As we age, we all eventually experience some physical and mental deterioration that comes along with the natural aging process. For some of us, that natural deterioration is more pronounced or may be accompanied by cognitive decline caused by Alzheimer’s or another age-related form of dementia. Noticing your own physical and/or mental decline is never easy. Realizing that it may impact your ability to drive can be downright traumatic for an older individual. Nevertheless, it is important to keep yourself and others on the roadway safe and to abide by the laws that apply to older drivers. With that in mind, an Indianapolis attorney at Frank & Kraft discusses what you need to know about older drivers in Indiana.
What Does Your Driver’s License Mean to You?
Remember when you were a teenager and you counted the months, then days, until you could get your driver’s license? That little plastic card opened up a whole new world to you. For decades after that, you likely took your ability to drive for granted, giving it little thought as you grew older. If you are now in your “Golden Years,” however, the issue of your driving privileges may once again be in the forefront in your thoughts. This time though, you are not anxiously counting down the days until you are allowed to drive. Instead, you are now worried that your ability to drive will be taken away from you.
Just as getting your driver’s license as a teenager became a symbol of freedom and independence for you, the thought of losing your license probably fills you with fear and dread because you will once again become dependent on others for transportation. Even if you rarely drive anywhere anymore, the knowledge that you can get in your vehicle and drive somewhere if you want remains a powerful symbol of freedom for you. That makes it all the harder to recognize the physical and mental changes associated with aging that can ultimately affect your ability to safely drive.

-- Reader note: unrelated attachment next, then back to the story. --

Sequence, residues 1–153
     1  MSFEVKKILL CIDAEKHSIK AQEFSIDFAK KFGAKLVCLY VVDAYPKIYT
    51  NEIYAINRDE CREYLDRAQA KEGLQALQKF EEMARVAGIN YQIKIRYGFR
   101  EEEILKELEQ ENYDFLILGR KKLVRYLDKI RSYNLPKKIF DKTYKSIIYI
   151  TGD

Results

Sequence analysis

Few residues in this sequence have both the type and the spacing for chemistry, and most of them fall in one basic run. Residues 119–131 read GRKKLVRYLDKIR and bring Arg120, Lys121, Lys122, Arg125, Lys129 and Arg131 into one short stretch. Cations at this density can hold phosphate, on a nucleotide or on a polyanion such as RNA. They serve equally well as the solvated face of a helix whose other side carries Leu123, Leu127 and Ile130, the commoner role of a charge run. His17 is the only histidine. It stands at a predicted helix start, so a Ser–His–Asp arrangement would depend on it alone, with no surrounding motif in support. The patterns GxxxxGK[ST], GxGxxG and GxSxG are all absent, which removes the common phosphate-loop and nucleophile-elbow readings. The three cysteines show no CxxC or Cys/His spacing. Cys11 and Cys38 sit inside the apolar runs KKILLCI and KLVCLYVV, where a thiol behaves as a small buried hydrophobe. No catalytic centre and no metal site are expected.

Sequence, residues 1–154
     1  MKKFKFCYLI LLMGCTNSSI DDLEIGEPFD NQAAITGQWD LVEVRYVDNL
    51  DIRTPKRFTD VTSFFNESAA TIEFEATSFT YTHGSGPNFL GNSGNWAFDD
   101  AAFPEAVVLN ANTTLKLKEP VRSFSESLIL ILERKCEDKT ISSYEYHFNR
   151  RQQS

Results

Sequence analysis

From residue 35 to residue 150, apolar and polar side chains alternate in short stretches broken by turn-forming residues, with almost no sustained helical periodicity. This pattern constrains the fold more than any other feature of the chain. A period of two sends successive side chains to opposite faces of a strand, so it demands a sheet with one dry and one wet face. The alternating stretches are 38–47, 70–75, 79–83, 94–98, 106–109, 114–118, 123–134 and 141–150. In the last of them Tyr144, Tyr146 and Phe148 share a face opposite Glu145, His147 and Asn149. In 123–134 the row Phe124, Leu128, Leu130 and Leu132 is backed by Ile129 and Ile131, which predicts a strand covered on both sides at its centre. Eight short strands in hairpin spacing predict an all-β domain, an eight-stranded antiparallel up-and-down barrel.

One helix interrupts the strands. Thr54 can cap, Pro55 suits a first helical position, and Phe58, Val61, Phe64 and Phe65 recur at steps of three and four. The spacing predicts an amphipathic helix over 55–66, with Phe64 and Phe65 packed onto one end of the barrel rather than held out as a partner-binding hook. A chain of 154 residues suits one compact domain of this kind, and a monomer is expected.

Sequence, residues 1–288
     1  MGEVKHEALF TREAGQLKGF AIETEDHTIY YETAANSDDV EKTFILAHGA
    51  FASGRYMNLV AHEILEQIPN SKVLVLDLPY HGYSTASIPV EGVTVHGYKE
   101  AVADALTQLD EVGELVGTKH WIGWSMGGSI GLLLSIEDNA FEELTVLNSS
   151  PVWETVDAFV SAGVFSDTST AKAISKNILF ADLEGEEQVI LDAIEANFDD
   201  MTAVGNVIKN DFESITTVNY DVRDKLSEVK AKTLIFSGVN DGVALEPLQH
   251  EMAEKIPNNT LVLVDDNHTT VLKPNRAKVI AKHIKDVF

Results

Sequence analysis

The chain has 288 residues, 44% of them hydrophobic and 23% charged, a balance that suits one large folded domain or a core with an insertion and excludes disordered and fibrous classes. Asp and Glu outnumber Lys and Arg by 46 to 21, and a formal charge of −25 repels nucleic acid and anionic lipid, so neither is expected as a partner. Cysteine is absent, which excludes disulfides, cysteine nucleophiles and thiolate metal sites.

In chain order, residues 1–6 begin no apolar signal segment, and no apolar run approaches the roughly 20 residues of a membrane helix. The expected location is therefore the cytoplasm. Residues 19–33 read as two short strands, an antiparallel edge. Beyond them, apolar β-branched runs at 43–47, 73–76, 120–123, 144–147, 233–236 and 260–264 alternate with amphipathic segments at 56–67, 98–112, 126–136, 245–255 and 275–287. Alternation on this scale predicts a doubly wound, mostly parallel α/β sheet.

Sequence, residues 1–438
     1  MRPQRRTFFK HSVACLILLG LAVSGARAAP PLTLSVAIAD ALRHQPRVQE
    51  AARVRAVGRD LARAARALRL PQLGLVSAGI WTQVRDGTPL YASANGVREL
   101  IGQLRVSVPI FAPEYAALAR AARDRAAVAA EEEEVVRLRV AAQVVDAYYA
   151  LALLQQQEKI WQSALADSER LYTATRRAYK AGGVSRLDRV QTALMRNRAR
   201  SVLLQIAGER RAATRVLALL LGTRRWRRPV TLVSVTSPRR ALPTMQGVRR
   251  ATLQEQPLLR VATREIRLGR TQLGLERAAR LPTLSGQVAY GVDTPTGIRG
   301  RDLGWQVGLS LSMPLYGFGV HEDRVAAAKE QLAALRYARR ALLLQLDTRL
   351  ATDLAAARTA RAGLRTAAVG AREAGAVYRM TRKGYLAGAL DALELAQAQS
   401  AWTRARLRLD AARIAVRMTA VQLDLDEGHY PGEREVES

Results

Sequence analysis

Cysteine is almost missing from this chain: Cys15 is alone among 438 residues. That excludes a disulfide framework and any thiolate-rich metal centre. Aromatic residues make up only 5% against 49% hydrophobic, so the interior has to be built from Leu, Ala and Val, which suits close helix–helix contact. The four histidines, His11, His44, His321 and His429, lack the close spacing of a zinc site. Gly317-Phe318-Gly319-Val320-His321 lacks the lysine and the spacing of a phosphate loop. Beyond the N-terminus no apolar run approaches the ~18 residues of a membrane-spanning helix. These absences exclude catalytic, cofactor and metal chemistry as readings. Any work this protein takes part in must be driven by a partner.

Recognize the Signs
Whether you accepted aging gracefully or went kicking and screaming into your senior years, it can be very difficult to force yourself to look for signs that indicate it may be time to give up your driver’s license, such as:
- Worsening eyesight
- Slower reaction time
- Feeling nervous or scared when driving.
- Anxiety when you know you will need to drive.
- Confusion on streets that should be familiar.
- Taking medication that makes you drowsy.
- Comments by loved ones indicating concern about your driving.
Indiana Older Drivers Law
Like many other states, the State of Indiana has enacted several provisions to the law that address the potential risks associated with older drivers. For example, while younger drivers are only required to renew their driver’s license every six years, drivers must start renewing every three years, in person, when they reach age 75, and every two years at age 85. In addition, drivers over the age of 75 must take a vision test every time they renew their driver’s license.
Another important aspect of Indiana law as it pertains to older drivers is the Driver Ability Program. This program allows the Bureau of Motor Vehicles to initiate an investigation to consider the invalidation, revocation, or restriction of a driver’s privileges upon a written request for driver ability review. Anyone with personal knowledge of the driver may request a review. As part of the investigation, the BMV will send the driver a Medical Review Form that must be completed by the driver’s primary care or treating physician (one who knows their medical history). After receiving the completed form, the BMV may continue the investigation and ask for additional information or even require the driver to complete a behind the wheel driving evaluation. Ultimately, the investigation may result in no action being taken, restrictions added to the driver’s privileges, or even revocation of driving privileges altogether.
Do You Have Elder Law Questions?
For more information, please join us for an upcoming FREE seminar. If you have questions about the Indiana older drivers laws or other elder law concerns, contact an experienced Indianapolis elder law attorney at Frank & Kraft by calling (317) 684-1100 to schedule an appointment.